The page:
And we’re not just shouting off balconies into the void: Telephone companies have seen a spike in phone calls and text messages. “We’ve had 800 million calls a day. That’s double the amount of calls you would have on Mother’s Day, which is the busiest [Sunday] of the year,” Verizon CEO Hans Vestberg told CNBC. It is not silence itself we are pushing back against, it is the isolation we feel when we lack the intimacy of closeness. “If you are not being touched at all,” writes Olivia Lang in The Lonely City, “then speech is the closest contact it is possible to have with another human being.”
Some commentators would have you believe that the pause of industry and altered state of reality should be an opportunity to hustle even harder on side projects and self-improvement. This is just another form of resisting the quiet, a scam of fetishized labor seeking to recreate the patterns of noise we have lost. Perhaps, with that in mind, we should heed those who don’t resist the hush but choose to inhabit it, those who are, like Hempton, truly listening—“taking everything in.” We should be able to recognize the different silences we face, and that not all of them merit protest.
There is a timeline to the silences that have arisen from the coronavirus: the silence of the virus itself, the silencing of the doctors who sought to warn the world, the silence of leaders who knew what was coming, the resulting silence in the vacated public squares and offices, and the final silence of those who will die. Each of these is a unique type of absence that adds to the definition of silence. Yet another paradox is that each is their own amalgamation of danger, threat, and fear.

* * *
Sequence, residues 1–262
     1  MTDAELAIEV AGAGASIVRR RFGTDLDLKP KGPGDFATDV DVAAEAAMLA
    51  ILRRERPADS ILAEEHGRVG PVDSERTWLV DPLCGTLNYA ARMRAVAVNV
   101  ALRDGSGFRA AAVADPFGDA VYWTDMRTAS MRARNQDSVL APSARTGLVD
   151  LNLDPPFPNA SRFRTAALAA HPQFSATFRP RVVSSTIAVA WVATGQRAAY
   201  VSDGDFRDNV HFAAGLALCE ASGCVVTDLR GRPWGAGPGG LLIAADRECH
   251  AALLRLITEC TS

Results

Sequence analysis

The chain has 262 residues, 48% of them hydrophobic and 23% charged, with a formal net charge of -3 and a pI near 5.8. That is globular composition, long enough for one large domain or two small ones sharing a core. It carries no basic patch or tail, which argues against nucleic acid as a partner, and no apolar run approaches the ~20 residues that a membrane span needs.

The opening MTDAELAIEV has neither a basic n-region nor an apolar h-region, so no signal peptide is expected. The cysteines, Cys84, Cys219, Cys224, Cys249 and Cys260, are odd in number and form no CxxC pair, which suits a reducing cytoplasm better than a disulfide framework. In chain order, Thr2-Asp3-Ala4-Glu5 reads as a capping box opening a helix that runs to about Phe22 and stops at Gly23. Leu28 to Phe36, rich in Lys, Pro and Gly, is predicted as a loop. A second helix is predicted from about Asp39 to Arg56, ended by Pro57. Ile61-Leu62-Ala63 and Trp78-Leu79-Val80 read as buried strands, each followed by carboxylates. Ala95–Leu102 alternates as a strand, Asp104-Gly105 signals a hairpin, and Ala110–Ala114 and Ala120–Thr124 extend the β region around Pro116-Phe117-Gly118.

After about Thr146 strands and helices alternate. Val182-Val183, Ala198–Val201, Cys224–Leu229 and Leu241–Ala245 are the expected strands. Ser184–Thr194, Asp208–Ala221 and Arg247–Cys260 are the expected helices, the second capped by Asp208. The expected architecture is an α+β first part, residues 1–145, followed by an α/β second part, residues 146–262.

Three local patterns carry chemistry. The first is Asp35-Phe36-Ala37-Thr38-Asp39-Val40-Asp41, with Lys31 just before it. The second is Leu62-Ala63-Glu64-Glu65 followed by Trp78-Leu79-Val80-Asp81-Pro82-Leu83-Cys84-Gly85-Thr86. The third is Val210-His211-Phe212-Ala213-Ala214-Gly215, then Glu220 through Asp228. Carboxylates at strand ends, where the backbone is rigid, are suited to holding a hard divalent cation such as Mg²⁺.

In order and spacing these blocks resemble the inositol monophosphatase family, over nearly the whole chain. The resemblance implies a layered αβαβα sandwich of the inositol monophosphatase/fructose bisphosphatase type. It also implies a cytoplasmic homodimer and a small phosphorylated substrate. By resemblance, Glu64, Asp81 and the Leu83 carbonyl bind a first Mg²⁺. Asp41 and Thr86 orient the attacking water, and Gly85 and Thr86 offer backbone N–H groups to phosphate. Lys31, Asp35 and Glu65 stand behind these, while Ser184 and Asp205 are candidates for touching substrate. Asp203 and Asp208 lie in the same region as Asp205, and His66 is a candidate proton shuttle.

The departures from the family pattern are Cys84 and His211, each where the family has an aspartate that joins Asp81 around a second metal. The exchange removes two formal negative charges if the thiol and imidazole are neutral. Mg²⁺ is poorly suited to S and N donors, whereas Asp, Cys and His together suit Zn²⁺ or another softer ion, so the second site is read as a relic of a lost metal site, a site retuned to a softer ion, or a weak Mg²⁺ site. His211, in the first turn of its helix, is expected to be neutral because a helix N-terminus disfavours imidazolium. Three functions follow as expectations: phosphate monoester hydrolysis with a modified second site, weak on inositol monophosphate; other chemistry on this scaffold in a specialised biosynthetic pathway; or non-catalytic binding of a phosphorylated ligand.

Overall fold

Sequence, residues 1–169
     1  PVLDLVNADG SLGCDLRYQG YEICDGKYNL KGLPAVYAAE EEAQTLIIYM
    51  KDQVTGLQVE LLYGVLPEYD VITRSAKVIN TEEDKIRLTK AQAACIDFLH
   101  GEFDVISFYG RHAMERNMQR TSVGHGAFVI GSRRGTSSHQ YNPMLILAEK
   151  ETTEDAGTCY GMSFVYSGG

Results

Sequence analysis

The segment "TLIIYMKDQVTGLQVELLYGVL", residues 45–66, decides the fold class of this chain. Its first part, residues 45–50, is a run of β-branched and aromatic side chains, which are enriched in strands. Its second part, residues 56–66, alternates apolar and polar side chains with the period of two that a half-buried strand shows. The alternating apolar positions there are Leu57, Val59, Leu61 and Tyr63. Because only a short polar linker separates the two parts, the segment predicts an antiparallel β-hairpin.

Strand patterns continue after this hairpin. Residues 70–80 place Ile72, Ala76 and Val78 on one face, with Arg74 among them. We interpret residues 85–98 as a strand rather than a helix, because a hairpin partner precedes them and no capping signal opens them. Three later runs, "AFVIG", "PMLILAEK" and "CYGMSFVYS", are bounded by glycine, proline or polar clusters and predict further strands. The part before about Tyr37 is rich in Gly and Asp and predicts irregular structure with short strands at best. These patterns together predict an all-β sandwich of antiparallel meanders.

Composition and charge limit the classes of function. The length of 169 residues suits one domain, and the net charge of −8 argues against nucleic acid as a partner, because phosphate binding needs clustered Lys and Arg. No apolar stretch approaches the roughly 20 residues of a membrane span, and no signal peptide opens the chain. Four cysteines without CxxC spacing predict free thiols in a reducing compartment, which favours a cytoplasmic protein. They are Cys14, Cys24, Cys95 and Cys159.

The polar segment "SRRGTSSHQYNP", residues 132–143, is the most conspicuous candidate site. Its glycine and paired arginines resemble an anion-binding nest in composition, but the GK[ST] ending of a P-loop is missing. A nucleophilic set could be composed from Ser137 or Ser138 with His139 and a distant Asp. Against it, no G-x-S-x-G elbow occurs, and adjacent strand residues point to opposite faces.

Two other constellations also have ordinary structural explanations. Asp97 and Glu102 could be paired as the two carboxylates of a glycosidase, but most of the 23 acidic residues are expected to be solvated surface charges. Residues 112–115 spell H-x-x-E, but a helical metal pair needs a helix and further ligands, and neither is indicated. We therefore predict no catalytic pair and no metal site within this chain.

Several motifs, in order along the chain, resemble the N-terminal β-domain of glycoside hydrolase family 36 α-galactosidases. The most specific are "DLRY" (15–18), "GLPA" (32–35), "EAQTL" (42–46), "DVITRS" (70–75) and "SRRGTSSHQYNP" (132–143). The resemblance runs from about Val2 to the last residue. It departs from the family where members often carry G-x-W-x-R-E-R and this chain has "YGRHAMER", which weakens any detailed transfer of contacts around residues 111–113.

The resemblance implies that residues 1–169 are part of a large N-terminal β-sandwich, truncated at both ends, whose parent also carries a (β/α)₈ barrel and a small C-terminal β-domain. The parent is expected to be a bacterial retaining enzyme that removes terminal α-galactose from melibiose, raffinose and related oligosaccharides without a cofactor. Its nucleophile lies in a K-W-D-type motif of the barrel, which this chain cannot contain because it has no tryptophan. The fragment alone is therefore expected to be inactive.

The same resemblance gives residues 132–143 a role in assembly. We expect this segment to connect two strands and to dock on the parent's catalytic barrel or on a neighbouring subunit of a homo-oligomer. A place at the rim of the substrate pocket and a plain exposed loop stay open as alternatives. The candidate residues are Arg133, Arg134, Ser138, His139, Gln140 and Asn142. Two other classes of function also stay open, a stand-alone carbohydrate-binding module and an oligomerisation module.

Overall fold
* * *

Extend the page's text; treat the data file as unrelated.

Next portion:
While we might think of COVID-19 as hardly silent—after all, a terrible, dry, unproductive cough is a common symptom for patients with suffering lungs—the growing number of confirmed cases in carriers who are asymptomatic suggests that the coronavirus moves most efficiently and lethally in stealthy silence.
And then there are Chinese officials’ efforts to destroy evidence of the virus’s presence and the imminent threat early on. The silence demanded by dictators is a silence entirely different from the environmental quiet—it is a brittle, brutal silence, a silence of reticence and self-preservation, a silence of deceit.